BY DIANE AGUIRRE | PHOTOS BY DAVID KAPLAN
Canada’s electronic music fans came out to play last weekend at Shambhala Music Festival. Nestled in the Kootenay Mountains, waves of bass bounced off the tree-covered hillsides almost nonstop for three days.
This festival is one of the most beloved in Canada, and this year the lineup featured big names, with Bassnectar drawing a particularly epic crowd. The Pagoda Stage was literally overflowing, and there was a throng of bassheads listening from outside. There were appearances from all parts of the electronic spectrum, including a glitchy, irresistibly danceable show by Goosebumpz, a playful performance by Odesza (featuring stiltwalkers, hula hoops, and bubbles), and an energetic set by What So Not.
The stages at Shambhala are what set it apart from other festivals; they’re permanent features on the landscape, so each year they get bigger, better, brighter, and bass-ier. The entire place feels more like a creative playground than a festival site. Fractal Forest, for example, felt as if you were entering a different planet. Complete with projection-mapped flower cutouts in the trees, a wraparound sound system encircling the stage, and no shortage of lasers, the designers and crew managed to create a funkadelic dreamscape.
Attendees found ways to keep themselves entertained outside of the main stages as well. All along the main path from the campground to the festival area, people set up trading posts for others to leave and take what they needed (everything from glowsticks to snacks to earplugs). Hopeful messages were written and hung on the branches of the Wishing Tree, which provided a peaceful place for rest and reflection–until a bunch of redheads took it over for a “ginger party” on Sunday, that is.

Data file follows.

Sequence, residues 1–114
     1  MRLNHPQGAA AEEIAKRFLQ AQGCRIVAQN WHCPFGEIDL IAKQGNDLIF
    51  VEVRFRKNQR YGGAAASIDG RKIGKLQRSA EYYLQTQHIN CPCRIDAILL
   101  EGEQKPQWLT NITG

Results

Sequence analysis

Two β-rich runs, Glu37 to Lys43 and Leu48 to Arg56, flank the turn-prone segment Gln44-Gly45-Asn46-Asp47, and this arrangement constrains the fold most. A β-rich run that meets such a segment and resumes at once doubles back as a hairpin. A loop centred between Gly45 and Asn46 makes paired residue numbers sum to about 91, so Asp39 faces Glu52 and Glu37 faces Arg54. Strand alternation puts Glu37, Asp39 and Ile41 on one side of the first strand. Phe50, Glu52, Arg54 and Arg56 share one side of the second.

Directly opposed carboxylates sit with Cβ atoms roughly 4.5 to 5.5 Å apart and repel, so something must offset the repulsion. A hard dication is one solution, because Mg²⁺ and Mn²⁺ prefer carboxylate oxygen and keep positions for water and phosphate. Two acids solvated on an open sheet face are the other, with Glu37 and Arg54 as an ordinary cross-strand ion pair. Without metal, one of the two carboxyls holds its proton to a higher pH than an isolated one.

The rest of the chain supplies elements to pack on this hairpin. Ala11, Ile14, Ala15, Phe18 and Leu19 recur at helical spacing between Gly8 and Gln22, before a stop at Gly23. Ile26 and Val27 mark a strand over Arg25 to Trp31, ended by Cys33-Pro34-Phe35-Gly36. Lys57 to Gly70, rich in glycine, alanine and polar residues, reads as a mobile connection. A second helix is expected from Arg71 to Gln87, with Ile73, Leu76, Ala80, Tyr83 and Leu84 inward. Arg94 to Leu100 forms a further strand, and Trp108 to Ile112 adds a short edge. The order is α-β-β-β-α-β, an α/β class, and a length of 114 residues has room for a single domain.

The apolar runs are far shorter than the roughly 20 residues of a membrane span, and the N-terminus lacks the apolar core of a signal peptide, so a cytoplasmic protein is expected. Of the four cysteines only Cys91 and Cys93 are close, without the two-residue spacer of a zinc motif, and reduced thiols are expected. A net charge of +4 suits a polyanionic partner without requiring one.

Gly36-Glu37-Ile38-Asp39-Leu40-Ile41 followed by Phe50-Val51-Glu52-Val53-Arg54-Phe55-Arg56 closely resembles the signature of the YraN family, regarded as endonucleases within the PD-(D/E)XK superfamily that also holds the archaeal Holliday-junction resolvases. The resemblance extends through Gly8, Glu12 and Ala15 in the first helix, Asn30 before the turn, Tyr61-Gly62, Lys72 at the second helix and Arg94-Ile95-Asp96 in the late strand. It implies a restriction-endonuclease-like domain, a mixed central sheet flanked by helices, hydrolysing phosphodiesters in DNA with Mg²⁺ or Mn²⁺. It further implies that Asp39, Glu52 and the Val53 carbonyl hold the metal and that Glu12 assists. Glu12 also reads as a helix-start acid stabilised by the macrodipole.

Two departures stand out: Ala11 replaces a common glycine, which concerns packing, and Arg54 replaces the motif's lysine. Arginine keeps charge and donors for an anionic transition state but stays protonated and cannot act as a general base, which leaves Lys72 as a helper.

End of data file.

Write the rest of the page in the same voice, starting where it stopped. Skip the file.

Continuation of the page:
In the daytime, the heat and dust sent many people to the rocky beach by the Salmo River, where the Living Room Stage was located. Attendees floated and relaxed while listening to some upbeat tunes, including a Mushroom Jazz set from Mark Farina. As much as there is to see at the rest of the festival, it’s tempting to bring your floaties and some snacks, and just settle in until the sun goes down.
The festival has been held at the same family farm since it began 14 years ago, and for a lot of people, the land feels like home. People seemed to have a deep connection to the beautiful natural surroundings, taking care to leave the land as beautiful as they found it. There are a lot of ways to measure how much people are picking up after themselves, but a good indicator is cigarette butts; usually they’re ubiquitously scattered on the ground at any given festival. At Shambhala, there were hardly any to be found. Some people have been attending Shambhala for 10 or more years. After you’ve had so many incredible experiences in one place, you really start to treat it like home.
Photos Courtesy of David Kaplan
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